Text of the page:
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April 09, 1998 - Image 2

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The Michigan Daily, 1998-04-09

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.2A - The Michigan Daily - Thursday, April 9, 1998

NATION/WORLD

PANEL
Continued from Page 1A
said race is more than just skin tone. It
is an identity that includes experience
and ideology, he said.
"It should be a goal to emphasize a
cmmon humanity for all people,"
Moutz said. "If we're after diversity, the
proper way to achieve it is to ask."
The panels also debated the use of
gender preferences.
Graves avoided discussing this issue
because, he said, society treats gender
differently than it treats race.
"Gender preferences upset us less,"
Graves said.
But Gonos said she did not under-
stand Grave's statement. As a woman,
Ehe feels like an underrepresented
minority, she said.
Despite the disagreement among the
panelists, all six of the students agreed
that affirmative action is an issue that

needs to be debated.
"There is a problem with discrimina-
tion in our society," Moutz said.
Law first-year student Aba Yankah
said there is a need to break down com-
munication barriers on both sides of the
debate.
"What I got out of (the debate) was
the fact that there is still a gap of mis-
understanding that needs to be
bridged," Yankah said.
The debate was an example of how to
break down these barriers, Ellis said.
"I think it demonstrated that we can
talk and discuss this issue with civility,"
Ellis said.
Even though the discussion didn't
resolve any of the panelists arguments,
it gave students a chance to discuss the
issue, which some attendes said is
important.
"If nothing else, it is good to have
people talk about this thing," said Law
first-year student Matt Roskoski.

SENIORS
Continued from Page 1A
Engineering senior. "You get an oppor-
tunity to meet so many people."
As proof, Henige attended -the
reunion with hallmates from his first
year at the University.
"We're a success story," Business
senior Matt Meyer said of the relation-
ships he and his hallmates have main-
tained during the past four years.
Meyer added that he enjoyed "seeing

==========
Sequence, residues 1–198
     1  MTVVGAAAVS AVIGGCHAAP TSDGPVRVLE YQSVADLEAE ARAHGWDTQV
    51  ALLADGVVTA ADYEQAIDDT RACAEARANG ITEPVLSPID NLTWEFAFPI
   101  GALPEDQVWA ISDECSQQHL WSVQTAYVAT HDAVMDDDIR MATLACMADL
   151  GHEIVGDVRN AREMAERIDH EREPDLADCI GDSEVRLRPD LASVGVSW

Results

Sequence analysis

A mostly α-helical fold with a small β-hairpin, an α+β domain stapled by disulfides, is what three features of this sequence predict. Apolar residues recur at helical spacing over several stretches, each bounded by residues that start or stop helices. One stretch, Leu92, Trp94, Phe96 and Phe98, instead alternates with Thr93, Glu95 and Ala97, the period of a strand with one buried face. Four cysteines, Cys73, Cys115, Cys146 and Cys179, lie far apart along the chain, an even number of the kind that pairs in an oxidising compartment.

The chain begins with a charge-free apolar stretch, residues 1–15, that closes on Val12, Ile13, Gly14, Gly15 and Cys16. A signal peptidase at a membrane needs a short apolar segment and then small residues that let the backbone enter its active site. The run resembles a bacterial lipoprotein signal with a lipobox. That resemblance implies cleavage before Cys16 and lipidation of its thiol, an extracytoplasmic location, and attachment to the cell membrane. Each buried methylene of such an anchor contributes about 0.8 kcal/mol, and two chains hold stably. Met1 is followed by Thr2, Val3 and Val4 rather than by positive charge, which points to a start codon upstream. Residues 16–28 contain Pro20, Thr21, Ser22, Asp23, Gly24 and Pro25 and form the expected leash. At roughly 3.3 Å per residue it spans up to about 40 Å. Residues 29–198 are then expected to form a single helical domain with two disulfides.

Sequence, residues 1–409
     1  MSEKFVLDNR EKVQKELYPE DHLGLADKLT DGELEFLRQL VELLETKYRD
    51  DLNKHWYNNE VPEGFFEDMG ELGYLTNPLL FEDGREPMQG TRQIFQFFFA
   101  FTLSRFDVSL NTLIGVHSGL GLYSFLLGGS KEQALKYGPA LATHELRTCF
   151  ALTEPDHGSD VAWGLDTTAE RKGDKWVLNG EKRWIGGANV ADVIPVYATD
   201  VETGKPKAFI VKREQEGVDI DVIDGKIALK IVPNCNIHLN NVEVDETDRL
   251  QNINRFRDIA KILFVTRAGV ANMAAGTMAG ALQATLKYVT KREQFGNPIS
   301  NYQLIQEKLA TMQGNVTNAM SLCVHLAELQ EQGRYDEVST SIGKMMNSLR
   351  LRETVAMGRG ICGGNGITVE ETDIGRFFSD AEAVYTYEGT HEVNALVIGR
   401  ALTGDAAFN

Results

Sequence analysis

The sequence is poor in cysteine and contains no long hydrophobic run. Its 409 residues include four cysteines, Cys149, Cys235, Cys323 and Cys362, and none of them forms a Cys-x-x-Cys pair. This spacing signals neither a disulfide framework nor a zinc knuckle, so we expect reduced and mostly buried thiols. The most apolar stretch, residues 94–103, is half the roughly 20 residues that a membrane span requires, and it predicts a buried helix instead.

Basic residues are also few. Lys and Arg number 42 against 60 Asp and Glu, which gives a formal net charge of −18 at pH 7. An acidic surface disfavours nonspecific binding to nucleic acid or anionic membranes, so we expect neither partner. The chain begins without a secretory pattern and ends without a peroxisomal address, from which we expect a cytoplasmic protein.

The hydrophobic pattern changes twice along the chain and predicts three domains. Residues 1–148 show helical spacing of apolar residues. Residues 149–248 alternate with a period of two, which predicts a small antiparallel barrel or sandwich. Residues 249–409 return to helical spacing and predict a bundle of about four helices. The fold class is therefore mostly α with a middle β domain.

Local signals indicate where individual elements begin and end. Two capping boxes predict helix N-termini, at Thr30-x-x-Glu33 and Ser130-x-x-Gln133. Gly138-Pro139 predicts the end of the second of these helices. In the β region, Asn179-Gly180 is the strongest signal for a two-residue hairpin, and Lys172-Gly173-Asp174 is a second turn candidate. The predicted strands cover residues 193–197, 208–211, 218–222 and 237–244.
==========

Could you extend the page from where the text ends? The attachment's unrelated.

the freshmen going through what we
went through.
"Its good to get back to your roots,
where it all started four years ago,"he said.
Business senior Roger Trim said the
visit to the cafeteria brought him back
to his early days at the University.

"Your perspective on things
changes," Trim said. "You see how
much you've changed."
Trim and Zimmerman noted how dif-
ferent it is to be a senior and have no
worries.
"When we lived here," Zimmerman
said, "you were going straight to the
library. Now you're gonna go straight to
the bar."
Upcoming Senior Days '98 events
include City Night - a fair featur-
ing housing, transportation, and
recreation information on major
U.S. cities - scheduled to be held
tonight from 8-I 1 p.m. in the U-
Club of the Michigan Union; a spir-
itual celebration service scheduled
for April 16; and Senior Diag Days
scheduled for April 20 and 21.

R____ _T_ E ATION

6 ___
/

Clinton: money for schools, not roads
CH ICAGO_- President Clinton ventured to the shuttered, raggedy classrooms
of a South Side Chicago school yesterday to turn the spotlight on congressional
Republicans who he said would finance roads instead of schools.
Peering beyond the plastic yellow tape that cordoned off an old fifth-grade room
at the Rachel Carson Elementary School, Clinton stared with dismay at the buck-
led and rotten floorboards, the peeling paint.
"This is a classroom?" the president asked.
Last year, the room's roof leaked so much that lessons had to be moved into the
hallway when it rained. Thanks to a school rehabilitation program in Chicago, the
former classroom is now used for storage.
To an assembly of students and community leaders, Clinton Toted that Senate
Republicans voted last week for billions in new highway projects but rejected his
plans for hiring 100,000 new teachers and modernizin 5,000 schools.
Republicans emphasize that they also voted for increased education spending by
billions of dollars - just not for federal programs Clinton wanted.
"I believe that we should have a good road program. I believe that unsafe
bridges ought to be repaired," Clinton said yesterday. "But none of that will
matter very much if we let the education system come crumbling dow4
around our children."

Remember
He left us an inspirational legacy to be
"BRILLIANT" in everything that we do.
Please help us honor his memory.
The various clubs of the University of Michigan
Political Science Department are collecting personal reflections on
Professor Organski. These will be compiled into a
book of memories and presented as a gift to his family.
Deadline: To day,Thursday, April 9
Submissions from students and colleagues may be
submitted over email at kg rauer@umich.edu.
Questions may be directed to llam@umich.edu

CANCER
Continued from Page IA
said he hopes that through the vigils
and forums the group held this
week, students are able to see that
there is a support network available